SANTA ANA, Calif. (CNS)—A federal judge granted a temporary restraining order on Dec. 23 blocking Orange County from denying a permit for a private jet service from operating on the corporate jet side of John Wayne Airport.
It could be a short-lived victory, however; the lease expires at year’s end, and it is unlikely to be renewed by ACI Jet, the airport’s fixed-base operator (FBO), because county and Newport Beach officials have objected to the company, JSX, operating in the general aviation side of the airport.
“It goes back to Newport Beach not wanting them and promises the FBO made to the community,” said Orange County Supervisor Doug Chaffee.
“I’m surprised they won because they don’t have a place to go. The current lease ends Dec. 31 and they can’t be a subtenant unless the FBO gives them a sublease, which has not happened, and they have taken a position they won’t give them one.”
Chaffee objected to JSX operating in the side of the airport for corporate jets and smaller aircraft because its customers don’t have to go through Transportation Security Administration (TSA) screening, something the company advertises as a perk for its customers.
“My concern was safety,” Chaffee said. “Their passengers do not go through a safety check like they do in the terminal. They claim they have some kind of safety check like we do with TSA people, but that is not a risk I want.
“In a congested airport that’s small, when you mix what is commercial aviation with a general aviation FBO, it gets more confusing and more difficult to manage from a safety point of view.”
Chaffee said JSX was “offered a space in the terminal but it doesn’t work with their business model because they don’t want their passengers having to go through the terminal.”
Orange County Supervisor Lisa Bartlett said U.S. District Judge Josephine Staton ruled that the county does not have a lease with JSX, so it was up to ACI to manage its lease with JSX as a subtenant.
Residents of Newport Beach and Costa Mesa and members of various airport groups have objected to JSX continuing business at the airport, Bartlett said.
“The county, through the airport director, has offered JSX several gates in the commercial terminal,” but have been rebuffed, Bartlett said.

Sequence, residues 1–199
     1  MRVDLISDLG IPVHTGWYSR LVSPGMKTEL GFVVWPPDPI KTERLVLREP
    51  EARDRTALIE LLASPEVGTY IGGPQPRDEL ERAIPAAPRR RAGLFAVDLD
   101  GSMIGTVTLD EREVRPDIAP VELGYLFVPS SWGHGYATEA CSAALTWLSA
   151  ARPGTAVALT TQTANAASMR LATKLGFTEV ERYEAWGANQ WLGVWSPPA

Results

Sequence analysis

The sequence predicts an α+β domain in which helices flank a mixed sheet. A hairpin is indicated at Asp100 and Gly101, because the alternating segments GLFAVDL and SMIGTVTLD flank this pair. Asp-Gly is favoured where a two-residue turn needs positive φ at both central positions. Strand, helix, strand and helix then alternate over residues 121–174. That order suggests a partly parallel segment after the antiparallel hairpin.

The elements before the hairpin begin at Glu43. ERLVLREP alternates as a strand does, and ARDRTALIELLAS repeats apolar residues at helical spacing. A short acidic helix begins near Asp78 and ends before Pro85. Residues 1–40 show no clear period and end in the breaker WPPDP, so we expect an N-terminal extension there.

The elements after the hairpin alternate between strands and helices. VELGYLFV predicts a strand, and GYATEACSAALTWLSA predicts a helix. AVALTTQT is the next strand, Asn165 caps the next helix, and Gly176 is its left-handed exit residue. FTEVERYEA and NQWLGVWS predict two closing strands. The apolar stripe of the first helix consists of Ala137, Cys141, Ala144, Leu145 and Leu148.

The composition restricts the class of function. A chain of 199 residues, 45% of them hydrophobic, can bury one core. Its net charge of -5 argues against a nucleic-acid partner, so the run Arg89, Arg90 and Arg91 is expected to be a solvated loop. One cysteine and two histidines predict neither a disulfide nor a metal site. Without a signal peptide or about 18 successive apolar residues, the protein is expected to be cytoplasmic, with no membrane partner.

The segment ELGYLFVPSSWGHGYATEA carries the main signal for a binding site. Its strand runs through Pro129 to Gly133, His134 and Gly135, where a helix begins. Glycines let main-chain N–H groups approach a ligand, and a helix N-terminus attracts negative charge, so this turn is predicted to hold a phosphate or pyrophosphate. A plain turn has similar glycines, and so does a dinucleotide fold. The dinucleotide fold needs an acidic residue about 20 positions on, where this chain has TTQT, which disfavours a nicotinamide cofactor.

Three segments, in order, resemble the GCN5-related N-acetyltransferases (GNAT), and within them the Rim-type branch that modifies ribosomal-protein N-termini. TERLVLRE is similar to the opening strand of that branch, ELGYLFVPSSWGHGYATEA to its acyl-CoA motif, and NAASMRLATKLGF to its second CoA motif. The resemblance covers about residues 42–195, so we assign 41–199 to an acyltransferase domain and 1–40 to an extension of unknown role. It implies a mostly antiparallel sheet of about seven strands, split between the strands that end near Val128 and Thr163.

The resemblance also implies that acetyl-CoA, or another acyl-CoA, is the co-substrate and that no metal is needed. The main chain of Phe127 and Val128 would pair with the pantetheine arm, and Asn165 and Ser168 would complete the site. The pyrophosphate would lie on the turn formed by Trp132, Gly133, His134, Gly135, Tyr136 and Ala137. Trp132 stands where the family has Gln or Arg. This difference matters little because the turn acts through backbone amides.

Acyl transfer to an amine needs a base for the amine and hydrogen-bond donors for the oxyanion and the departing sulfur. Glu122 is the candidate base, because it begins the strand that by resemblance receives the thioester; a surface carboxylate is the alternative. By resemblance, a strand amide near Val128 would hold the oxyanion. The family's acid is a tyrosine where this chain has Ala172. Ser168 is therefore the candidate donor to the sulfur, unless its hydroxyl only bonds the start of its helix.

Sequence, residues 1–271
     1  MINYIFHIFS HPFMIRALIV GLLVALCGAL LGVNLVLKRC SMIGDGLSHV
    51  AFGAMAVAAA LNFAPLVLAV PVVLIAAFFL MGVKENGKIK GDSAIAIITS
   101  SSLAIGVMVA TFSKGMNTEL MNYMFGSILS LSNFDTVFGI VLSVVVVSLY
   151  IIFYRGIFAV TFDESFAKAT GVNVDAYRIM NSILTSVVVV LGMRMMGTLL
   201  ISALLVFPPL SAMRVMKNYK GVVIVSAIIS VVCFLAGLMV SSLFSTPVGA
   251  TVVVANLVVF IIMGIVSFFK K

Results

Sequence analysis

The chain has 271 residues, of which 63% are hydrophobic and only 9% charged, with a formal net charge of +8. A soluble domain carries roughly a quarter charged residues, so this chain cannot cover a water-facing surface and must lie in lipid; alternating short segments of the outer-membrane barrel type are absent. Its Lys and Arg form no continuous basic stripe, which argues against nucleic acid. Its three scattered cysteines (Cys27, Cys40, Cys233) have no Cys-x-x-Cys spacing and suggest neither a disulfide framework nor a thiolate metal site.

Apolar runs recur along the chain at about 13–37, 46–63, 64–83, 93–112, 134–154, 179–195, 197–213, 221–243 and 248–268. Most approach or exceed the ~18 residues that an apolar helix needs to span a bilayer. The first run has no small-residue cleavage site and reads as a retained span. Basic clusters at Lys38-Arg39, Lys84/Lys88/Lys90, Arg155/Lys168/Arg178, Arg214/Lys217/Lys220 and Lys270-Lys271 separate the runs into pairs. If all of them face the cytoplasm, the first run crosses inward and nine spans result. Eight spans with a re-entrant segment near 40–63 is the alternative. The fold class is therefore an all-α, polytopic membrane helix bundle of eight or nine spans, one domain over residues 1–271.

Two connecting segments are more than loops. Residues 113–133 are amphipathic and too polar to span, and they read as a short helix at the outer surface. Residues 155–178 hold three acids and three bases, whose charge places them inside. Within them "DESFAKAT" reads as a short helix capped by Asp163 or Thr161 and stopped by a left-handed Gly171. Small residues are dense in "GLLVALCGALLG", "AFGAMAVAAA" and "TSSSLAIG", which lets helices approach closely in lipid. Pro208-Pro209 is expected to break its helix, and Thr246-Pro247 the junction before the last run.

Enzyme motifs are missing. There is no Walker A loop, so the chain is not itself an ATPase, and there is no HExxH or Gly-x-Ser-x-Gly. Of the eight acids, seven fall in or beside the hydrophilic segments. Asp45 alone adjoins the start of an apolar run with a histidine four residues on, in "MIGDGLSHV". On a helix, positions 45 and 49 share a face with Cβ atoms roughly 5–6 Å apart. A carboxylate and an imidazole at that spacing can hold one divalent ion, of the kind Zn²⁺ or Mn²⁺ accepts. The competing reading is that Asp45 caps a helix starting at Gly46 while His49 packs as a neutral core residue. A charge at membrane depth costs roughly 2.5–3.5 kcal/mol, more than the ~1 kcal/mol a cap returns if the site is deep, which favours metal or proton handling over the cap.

The company advertises that customers can show up for a flight 20 minutes beforehand and get ushered on board, Bartlett said.
JSX CEO Alex Wilcox said he was pleased to report Staton’s ruling.
“JSX’s award-winning ‘hop-on service’ will continue to fly to and from John Wayne Airport in the interim and JSX will continue to work in good faith with all parties toward a mutually acceptable long-term accommodation,” Wilcox said.
“I am deeply grateful to the over 10,000 people who voiced their support for JSX in the past week, and to all JSX crew members for bravely continuing to make JSX such a valued service to so many in Orange County and beyond in spite of the many challenges this year.”
JSX alleged in its lawsuit it was told it could not operate at the airport at all in 2021.
JSX advertises itself as a “hop-on jet service” that provides “hassle-free, affordable, and crowd-free air transportation.”
In the federal lawsuit, the company argued it offers a TSA-approved and “compliant security process that is superior and exceeds security that occurs in the main terminal. JSX’s check-in procedure presents customers with less hassle and requires customers to dedicate less time than is required at the main airport terminal and reduces their exposure to crowds, which protects them from life-threatening diseases such as COVID.”
The board voted 3-2 earlier this month, with Chairwoman Michelle Steel and Supervisor Don Wagner dissenting, to fight JSX’s lawsuit and application for a temporary restraining order to prevent its exclusion from continuing to operate at the airport.